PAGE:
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Tuesday, August 3, 2021

Tom Kerridge criticised for ‘parodying’ plant-based food with new restaurant Bad Vegan

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Michelin-starred chef Tom Kerridge has opened a new concept restaurant in Camden called Bad Vegan, but it is being criticised for not being fully plant-based.

Campaigning charity Viva! is calling out chef Tom Kerridge for misleading consumers about his new Camden restaurant, Bad Vegan, as the menu isn’t fully plant-based.

The mains on the Michelin-starred chef’s concept restaurant are plant-based, but some of the sides and toppings are not. It caters to people “committed to adding more plant-based foods into their diet”, but Viva! believes the eatery has ignored the environmental, health and welfare issues surrounding the consumption of animal products.

“Bad Vegan is the latest in businesses clinging to the success of veganism as a means of deploying its frankly parody product line of plant-based food,” said Faye Lewis, Viva!’s head of communications.

She added that the real issue is in the messaging: “The hallmark of a good marketing campaign should mean you don’t need to explain yourself. However, on the Bad Vegan website, they’ve half-apologetically, half-self-righteously tried to justify the reason for their existence.” She called the result “at best confusing”.

“Rather than send out conflicting messages neatly packaged up as ‘revolutionising’ restaurants from offering vegan alternatives to offering non-vegan alternatives, just call a spade a spade,” she continued. “They’re a restaurant aimed at meat reducers, so say that — the use of the word ‘vegan’ is totally misleading, and it makes their marketing tactics seem disingenuous.”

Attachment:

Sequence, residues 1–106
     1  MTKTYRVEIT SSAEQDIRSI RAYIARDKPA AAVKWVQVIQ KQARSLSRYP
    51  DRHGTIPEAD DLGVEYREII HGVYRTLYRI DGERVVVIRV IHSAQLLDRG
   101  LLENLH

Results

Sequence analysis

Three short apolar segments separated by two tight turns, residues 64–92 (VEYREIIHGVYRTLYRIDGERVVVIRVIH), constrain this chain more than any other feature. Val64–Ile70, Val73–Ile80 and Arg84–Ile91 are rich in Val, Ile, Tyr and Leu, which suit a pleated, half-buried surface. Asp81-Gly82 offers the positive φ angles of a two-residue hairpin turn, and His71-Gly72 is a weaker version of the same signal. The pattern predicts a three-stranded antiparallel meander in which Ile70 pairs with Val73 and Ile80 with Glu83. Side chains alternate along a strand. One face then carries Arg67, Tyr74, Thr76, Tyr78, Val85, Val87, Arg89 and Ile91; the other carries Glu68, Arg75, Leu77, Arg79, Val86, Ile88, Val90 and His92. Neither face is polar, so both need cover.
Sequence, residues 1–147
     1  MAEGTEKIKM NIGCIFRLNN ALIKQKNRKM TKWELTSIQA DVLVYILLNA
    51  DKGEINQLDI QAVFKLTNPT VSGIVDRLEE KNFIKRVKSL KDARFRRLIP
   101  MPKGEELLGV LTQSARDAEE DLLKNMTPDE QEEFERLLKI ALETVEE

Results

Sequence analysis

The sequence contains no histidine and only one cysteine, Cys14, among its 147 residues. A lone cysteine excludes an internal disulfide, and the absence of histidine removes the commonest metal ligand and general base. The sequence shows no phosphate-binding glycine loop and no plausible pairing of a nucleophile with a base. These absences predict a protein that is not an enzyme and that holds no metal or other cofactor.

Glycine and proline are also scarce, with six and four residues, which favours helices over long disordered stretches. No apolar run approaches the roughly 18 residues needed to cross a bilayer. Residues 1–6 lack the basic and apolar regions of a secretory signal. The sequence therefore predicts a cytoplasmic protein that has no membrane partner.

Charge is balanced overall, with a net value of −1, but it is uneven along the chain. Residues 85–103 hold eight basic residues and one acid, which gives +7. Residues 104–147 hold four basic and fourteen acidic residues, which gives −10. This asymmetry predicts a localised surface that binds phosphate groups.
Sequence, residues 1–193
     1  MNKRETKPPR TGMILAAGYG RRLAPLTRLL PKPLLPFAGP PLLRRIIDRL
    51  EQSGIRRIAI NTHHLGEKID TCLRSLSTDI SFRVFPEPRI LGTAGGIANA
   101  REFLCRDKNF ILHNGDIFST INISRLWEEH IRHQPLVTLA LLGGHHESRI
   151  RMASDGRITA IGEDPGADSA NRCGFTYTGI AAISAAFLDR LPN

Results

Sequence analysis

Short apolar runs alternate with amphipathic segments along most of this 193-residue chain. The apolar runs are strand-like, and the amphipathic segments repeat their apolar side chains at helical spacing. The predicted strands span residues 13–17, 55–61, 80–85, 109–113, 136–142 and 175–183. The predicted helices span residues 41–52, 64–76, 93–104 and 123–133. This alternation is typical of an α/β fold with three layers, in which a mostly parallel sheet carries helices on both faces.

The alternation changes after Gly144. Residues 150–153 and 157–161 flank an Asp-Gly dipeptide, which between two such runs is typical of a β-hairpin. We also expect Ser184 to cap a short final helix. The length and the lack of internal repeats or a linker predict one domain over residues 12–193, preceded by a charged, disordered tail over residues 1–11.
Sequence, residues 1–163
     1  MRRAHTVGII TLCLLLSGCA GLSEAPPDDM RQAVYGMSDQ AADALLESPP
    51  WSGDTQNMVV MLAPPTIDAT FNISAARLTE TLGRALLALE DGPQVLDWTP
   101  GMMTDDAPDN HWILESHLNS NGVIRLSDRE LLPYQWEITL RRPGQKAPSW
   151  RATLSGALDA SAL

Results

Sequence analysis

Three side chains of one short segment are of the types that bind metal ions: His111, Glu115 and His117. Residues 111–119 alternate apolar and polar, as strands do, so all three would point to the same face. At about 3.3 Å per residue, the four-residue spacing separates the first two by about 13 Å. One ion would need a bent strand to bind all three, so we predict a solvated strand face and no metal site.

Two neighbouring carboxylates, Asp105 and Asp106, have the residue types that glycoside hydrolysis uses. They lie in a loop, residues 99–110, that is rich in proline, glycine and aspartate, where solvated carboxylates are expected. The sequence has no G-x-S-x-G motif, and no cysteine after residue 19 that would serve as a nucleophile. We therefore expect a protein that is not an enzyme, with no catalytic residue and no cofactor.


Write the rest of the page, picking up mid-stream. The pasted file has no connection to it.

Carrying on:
She accused Kerridge of capitalising on the popularity of veganism and perpetuating old stereotypes about the lifestyle. “As a self-styled fake vegan brand, surely this is just a massive step backwards from an audience they are trying to align themselves with,” she explained. “In a saturated vegan market, clear messaging is key to success, and surely at some point somebody wondered whether or not this could be misinterpreted?”

She added: “While it’s 100% acceptable to target plant-based alternatives to meat reducers, their messaging actually hurts the vegan movement to claim to be radical while having non-vegan sides and toppings.”

Check out our Ultimate Guide to plant-based food in Camden.

Anay Mridul
Anay is the managing editor of The Vegan Review. A journalism graduate from City, University of London, he was a barista for three years, and never shuts up about coffee. He's passionate about coffee, plant-based milk, cooking, eating, veganism, writing about all that, profiling people, and the Oxford Comma. Originally from India, he went vegan in 2020, after attempting (and failing) Veganuary. He believes being environmentally conscious is a basic responsibility, and veganism is the best thing you can do to battle climate change. He gets lost at Whole Foods sometimes.